1. A farming community where a group gets together to run a farm. We have spent hours upon hours advising pagan/Wiccans on the challenges entailed in such intentional communities. Gavin is a country boy brought up in rural England, and we had our own farm in Missosuri in the early 1970s. We do know the problems, and we know a lot about shortages in cashflow.
2. In another trype, the ashram, a group gets together and cooperatively buys a larger old downtown mansion that can be rescued and turned into several spacious apartments. Such a cooperative does a lot to save inner cities, especially in smaller communities, in what is called infill housing. The infill approach recycles land within urban areas instead of paving over yet more farmland or woodland just for the sake of conspicuous consumption. The apartments made from such older homes usually have spacious rooms and high ceilings and make much nicer living space than modern crackerboxes. A good sound group can share such things as the kitchen and the laundry room, enabling its members to put in high-quality commercial-style equipment that requires very little maintenance. The cost-effectiveness of such an infill arrangement is obvious, and of course it saves a few acres of contryside from the all-devouring house machine.

P.S. This is not a flame of Columbus. Columbus is only a typical example of what is going on over the entire nation. Every year a new area the size of Indiana is paved over. Many pagan/ Wiccans dream vaguely of buying their own piece of unimproved land. If that is your dream, to make such a commitment and to run a small farm, we strongly suggest that you place an ad in the local paper of the nearest easily accessible farming community, something to this effect :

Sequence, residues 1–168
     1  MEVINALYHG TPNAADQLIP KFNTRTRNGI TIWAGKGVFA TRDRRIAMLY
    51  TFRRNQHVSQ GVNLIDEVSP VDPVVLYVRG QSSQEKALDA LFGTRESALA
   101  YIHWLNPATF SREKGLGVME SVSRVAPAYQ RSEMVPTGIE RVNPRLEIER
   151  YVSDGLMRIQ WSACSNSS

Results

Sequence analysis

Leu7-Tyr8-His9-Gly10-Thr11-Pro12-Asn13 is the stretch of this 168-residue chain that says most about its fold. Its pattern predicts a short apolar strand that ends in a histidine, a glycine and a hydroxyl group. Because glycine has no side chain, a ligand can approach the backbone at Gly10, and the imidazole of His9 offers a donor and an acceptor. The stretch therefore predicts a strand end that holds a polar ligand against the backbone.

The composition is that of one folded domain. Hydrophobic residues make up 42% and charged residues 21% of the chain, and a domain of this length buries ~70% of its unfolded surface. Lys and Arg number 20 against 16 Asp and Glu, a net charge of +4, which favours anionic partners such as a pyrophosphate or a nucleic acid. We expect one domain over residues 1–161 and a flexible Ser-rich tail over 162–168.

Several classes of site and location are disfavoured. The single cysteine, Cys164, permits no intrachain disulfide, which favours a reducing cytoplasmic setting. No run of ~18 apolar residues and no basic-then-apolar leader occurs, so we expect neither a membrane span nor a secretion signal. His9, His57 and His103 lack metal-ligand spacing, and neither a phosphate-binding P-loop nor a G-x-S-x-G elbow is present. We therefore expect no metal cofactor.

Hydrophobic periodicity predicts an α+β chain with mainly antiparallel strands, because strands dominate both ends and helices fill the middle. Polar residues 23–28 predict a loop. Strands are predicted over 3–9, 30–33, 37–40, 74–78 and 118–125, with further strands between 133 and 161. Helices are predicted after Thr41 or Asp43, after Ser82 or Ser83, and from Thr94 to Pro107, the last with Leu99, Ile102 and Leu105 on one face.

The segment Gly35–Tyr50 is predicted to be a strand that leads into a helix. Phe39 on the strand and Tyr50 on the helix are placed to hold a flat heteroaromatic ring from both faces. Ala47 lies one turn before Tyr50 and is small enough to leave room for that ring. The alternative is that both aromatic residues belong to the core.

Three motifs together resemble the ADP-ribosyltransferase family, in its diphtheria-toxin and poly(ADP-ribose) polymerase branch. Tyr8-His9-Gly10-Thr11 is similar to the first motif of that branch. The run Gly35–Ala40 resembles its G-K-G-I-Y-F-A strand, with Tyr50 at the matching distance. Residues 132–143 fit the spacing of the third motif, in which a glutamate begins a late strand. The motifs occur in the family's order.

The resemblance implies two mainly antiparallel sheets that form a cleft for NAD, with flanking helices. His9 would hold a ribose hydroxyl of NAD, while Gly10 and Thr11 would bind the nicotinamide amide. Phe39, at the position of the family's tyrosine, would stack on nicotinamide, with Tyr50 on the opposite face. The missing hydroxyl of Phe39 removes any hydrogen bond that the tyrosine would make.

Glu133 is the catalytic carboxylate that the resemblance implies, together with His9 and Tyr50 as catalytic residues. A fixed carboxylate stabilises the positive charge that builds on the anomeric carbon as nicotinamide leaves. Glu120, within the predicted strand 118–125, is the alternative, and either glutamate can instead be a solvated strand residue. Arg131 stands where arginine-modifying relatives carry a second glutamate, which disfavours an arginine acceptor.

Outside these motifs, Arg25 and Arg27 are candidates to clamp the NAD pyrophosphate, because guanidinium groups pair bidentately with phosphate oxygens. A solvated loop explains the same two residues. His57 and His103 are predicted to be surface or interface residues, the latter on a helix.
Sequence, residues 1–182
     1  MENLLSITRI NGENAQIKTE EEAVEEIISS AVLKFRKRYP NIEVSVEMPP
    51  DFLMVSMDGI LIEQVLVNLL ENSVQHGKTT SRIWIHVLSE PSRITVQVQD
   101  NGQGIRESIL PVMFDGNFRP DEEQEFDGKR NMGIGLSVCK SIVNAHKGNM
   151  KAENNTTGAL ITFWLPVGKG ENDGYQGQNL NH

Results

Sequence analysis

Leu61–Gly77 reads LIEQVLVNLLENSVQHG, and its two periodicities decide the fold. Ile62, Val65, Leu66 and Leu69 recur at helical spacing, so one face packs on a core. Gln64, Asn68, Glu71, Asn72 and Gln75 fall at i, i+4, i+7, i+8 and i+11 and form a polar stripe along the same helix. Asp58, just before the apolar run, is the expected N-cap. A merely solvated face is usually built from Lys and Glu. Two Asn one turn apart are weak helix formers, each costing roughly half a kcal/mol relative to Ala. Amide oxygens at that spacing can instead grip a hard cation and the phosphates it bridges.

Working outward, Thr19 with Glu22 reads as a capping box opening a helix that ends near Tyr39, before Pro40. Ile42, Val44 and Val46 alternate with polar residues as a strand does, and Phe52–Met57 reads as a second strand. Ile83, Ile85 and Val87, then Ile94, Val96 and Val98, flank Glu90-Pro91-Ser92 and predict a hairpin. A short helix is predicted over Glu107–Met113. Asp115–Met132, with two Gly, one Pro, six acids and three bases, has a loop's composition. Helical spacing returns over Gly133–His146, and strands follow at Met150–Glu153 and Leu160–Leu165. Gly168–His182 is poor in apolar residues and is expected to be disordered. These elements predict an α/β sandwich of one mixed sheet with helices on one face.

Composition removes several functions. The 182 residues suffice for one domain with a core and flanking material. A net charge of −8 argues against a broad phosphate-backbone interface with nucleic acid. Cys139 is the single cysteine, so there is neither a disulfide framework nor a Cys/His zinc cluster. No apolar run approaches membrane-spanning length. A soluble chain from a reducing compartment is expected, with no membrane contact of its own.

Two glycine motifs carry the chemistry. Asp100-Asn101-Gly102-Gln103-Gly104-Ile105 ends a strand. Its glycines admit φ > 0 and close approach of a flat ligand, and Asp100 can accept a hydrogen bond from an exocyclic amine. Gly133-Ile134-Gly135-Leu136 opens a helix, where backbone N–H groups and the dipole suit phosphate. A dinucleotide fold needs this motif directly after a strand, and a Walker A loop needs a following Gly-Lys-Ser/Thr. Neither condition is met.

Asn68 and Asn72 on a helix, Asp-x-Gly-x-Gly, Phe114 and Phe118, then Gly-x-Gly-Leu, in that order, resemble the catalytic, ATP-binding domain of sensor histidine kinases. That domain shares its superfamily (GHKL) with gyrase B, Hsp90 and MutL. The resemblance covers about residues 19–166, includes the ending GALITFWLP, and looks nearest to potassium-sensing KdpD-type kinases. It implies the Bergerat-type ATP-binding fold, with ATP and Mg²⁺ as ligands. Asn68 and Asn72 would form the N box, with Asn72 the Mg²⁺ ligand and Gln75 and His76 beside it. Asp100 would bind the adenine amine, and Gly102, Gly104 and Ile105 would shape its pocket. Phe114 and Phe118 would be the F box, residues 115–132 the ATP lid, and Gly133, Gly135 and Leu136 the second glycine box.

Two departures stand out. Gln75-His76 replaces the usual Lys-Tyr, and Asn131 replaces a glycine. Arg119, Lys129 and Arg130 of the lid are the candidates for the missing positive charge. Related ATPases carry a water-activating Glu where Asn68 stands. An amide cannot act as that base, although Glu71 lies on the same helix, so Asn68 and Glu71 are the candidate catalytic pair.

"Volunteer free labor on your farm on weekends."
Most farmers work 24/7. A little extra help and a little time off is a real bonus for them. In this way you will get, as they say in Missouri, your boots into the pig muck (on the coast of North Carolina it's getting your oars into the water) without a huge painful outlay of cash and a lifetime's commitment. Doing this may save you a great deal of heartache later, because you will get a glimpse of what modern farming entails in the real world. It will offer (one of Yvonne's current favorite phrases) a reality smack.
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* See S. Steingraber's "Living Downstream" for a nightmare description of what golf courses do to the planet's health. At least a million gallons of water per day per course ... and the incidence of prostate cancer in greenskeepers is six times as high as in the general population, because of the lawn chemicals that go into the land to keep it picture-perfect. Aren't you proud to be a taxpayer?